eSafetyFirst - Nuclear Power Work Safety


Nuclear power workers are exposed to a host of safety concerns that range from musculoskeletal issues related to improper working postures to radiation exposure and biohazard contamination. While some of these risks can be successfully mitigated through safety awareness campaigns, the majority require specialized equipment and behaviors that are specific to each situation.

Potential Hazards

The most common risks in nuclear power work include:

  • Exposure to Radiation.

    Ionizing radiation safety is one of the kernel concerns for nuclear power workers, since these electromagnetic waves were found to be carcinogenic at high doses. Long-term exposure to low doses is also dangerous, as it is associated to cataract formation, DNA changes, and free-radical production. Distance, exposure time, and appropriate shielding are crucial when dealing with radiation exposure. Because the developing human body is more susceptible to any amount of harmful radiation, safety precautions for pregnant workers are much steeper. Embryos exposed to more than 50 rads have been shown to suffer a significant reduction in cognitive abilities after birth, and more.
  • Exposure to Biohazards.

    Exposure to micro-organisms such as bacteria, viruses, or fungi can lead to allergic reactions, infections, and illnesses. Environmental factors such as humidity, temperature, or growth factors affect the viability of these biohazards, although some can survive even in the most hostile of conditions. The clinical setting is where most nuclear power workers come in contact with such germs. Given the highly virulent and pathogenic nature of the latter, avoiding person-to-person contact and personal protective equipment are the only line of defense for employees.
  • Musculoskeletal Disorders.

    Whether it’s carrying heavy loads in a plant, sitting down for extended periods of time, or performing a series of repetitive activities with improper form, statistics show that nuclear technologists are exposed to an increased risk of developing MSDs. The latter include chronic back pain, carpal tunnel syndrome, epicondylitis, and other related afflictions. Without appropriate information on correct posture and safe lifting techniques, nuclear employees face a high probability of developing one or more MSDs.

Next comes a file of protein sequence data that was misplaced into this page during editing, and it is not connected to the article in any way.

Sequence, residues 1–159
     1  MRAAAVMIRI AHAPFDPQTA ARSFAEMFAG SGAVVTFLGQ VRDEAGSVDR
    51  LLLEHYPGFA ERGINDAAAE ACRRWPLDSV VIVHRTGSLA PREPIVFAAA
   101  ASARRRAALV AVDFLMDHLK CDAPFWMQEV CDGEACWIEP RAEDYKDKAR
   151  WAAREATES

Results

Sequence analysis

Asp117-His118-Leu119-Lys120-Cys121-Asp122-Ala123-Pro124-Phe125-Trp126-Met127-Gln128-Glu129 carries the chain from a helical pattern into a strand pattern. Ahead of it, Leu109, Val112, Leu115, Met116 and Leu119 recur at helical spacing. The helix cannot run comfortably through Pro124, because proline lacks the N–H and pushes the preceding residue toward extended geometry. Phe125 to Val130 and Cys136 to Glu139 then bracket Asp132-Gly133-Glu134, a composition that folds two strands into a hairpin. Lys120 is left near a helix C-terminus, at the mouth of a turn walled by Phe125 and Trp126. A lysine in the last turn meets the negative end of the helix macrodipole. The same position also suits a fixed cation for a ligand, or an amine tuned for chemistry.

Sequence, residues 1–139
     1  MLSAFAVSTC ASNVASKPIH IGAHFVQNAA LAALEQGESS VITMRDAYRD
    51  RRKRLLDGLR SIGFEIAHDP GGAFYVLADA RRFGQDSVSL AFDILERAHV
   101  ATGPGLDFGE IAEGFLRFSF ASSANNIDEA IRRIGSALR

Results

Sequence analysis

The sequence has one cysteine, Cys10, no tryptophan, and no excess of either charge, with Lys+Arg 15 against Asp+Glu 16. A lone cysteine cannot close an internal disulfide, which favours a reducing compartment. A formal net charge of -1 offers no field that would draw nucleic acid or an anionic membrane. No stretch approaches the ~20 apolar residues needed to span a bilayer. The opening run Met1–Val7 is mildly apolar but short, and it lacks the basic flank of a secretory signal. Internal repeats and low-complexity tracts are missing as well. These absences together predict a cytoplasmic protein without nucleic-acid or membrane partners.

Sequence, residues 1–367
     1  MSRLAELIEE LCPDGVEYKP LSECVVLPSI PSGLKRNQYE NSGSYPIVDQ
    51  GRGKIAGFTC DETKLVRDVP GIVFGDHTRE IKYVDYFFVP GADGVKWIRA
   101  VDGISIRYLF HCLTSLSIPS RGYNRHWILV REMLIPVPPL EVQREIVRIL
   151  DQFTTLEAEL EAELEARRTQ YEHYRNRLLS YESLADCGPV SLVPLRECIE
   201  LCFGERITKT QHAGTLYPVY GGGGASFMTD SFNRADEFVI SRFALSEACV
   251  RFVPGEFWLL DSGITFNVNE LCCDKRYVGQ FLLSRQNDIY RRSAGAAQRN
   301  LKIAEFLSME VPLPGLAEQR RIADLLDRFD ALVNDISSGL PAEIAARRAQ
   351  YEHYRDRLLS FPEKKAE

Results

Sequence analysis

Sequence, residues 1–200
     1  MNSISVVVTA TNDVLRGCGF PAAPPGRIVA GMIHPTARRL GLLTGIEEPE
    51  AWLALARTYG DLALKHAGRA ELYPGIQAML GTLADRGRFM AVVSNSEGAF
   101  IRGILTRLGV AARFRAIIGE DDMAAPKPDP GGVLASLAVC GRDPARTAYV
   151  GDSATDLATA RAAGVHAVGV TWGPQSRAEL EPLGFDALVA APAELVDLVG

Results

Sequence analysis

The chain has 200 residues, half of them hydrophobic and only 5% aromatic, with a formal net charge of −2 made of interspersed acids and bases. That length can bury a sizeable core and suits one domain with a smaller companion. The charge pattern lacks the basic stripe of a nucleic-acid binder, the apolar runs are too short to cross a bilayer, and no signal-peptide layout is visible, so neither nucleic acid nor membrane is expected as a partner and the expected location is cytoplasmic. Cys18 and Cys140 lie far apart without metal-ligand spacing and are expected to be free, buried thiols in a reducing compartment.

• Physical Hazards.

    Although nuclear meltdowns are the most mediatized industry accidents, they’re far from being the only physical hazard employees have to deal with. Equipment failure, decay heat, criticality incidents, and human error can all lead to more frequent disasters that can involve explosions, fire outbreaks, and the release of radioactive materials in the nearby environment.

Incident Prevention

Since nuclear workers are exposed to a variety of occupational health risks, their training process is often a lengthy, arduous, and expensive one. Given the dangers these workers exposed to on a daily basis, but also the likelihood that mistakes will result in injuries or fatalities, it is instrumental that employees receive constant and sufficient safety training.  

Understanding the need for personal protective equipment helps nuclear personnel better safeguard their health from radiation and biological hazards. Particularly when working in proximity to equipment that emits ionizing radiation, shielding is often the only barrier between the human body and carcinogenic electromagnetic waves.

It is essential that nuclear environments foster an organizational culture that is centered on safety and reporting, particularly in a market environment where higher workloads have become a constant. Defective nuclear equipment is known to trigger chain-reactions that lead to grave, potentially fatal accidents. At the cost of efficiency, accurate reporting, maintenance, and safety protocols are the only way to prevent serious nuclear accidents from taking place.

What You Can Do to Stay Safe

The only way to prevent nuclear workers’ occupational hazards from affecting their health is to make sure that these employees undergo all of the necessary safety training. Canadian businesses are legally required to inform their personnel with regards to all possible occupational risks, as well as to provide access to safety courses that address the latter.

However, most of the safety programs associated with nuclear work can be completed before you are hired as a technician or in a plant. This often helps job candidates better understand their future work environment, while also improving their chances of getting hired.

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